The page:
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    The spatial Prisoner's Dilemma is a prototype model to show the emergence of cooperation in very competitive environments. It considers players, at sites of lattices, that can either cooperate or defect when playing the Prisoner's Dilemma with z other players. This model presents a rich phase diagram. Here we consider players in cells of one-dimensional cellular automata. Each player interacts with z other players. This geometry allows us to vary, in a simple manner, the number of neighbors ranging from one up to the lattice size, including self-interaction. This approach has multiple advantages. It is simple to implement numerically and we are able to retrieve all the results found in the previously considered lattices, with a faster convergence to stationary values. More remarkable, it permits us to keep track of the spatio-temporal evolution of each player of the automaton, giving rise to interesting patterns. These patterns allow the interpretation of cooperation/defection clusters as particles, which can be absorbed and collided among themselves. The presented approach represents a new paradigm to study the emergence and maintenance of cooperation in the spatial Prisoner's Dilemma.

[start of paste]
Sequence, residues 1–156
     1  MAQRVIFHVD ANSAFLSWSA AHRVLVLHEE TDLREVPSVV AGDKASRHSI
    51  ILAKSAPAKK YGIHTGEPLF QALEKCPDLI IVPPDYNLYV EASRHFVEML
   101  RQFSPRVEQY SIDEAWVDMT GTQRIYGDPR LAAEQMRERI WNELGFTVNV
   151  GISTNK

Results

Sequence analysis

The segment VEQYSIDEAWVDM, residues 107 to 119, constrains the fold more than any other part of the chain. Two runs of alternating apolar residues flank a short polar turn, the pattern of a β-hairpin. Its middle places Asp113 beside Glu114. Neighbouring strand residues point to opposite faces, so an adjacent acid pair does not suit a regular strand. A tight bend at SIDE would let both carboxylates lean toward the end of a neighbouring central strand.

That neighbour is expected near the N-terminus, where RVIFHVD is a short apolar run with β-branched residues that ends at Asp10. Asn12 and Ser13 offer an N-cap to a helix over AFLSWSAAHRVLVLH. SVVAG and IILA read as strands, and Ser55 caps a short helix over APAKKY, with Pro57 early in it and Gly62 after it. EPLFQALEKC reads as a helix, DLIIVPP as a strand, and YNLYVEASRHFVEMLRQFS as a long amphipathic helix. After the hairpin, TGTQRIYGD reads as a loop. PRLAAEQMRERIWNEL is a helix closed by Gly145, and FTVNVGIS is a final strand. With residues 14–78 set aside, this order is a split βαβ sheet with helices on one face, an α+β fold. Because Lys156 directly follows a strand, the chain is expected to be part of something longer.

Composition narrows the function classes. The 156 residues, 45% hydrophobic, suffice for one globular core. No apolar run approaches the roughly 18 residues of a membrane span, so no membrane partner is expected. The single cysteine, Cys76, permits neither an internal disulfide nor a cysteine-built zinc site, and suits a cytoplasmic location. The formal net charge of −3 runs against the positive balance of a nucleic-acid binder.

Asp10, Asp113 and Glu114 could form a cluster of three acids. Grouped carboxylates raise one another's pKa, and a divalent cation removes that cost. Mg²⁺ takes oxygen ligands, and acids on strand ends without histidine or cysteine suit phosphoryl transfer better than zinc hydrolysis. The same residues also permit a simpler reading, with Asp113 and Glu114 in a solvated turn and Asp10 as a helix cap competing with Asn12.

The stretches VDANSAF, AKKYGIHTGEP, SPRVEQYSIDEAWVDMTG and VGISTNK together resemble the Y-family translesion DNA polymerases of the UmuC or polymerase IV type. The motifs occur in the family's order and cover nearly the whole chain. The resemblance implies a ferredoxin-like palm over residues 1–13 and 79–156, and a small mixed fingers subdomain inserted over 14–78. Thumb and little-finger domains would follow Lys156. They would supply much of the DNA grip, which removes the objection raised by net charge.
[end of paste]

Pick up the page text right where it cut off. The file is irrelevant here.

PACS: 02.50.Le, 07.05.Tp


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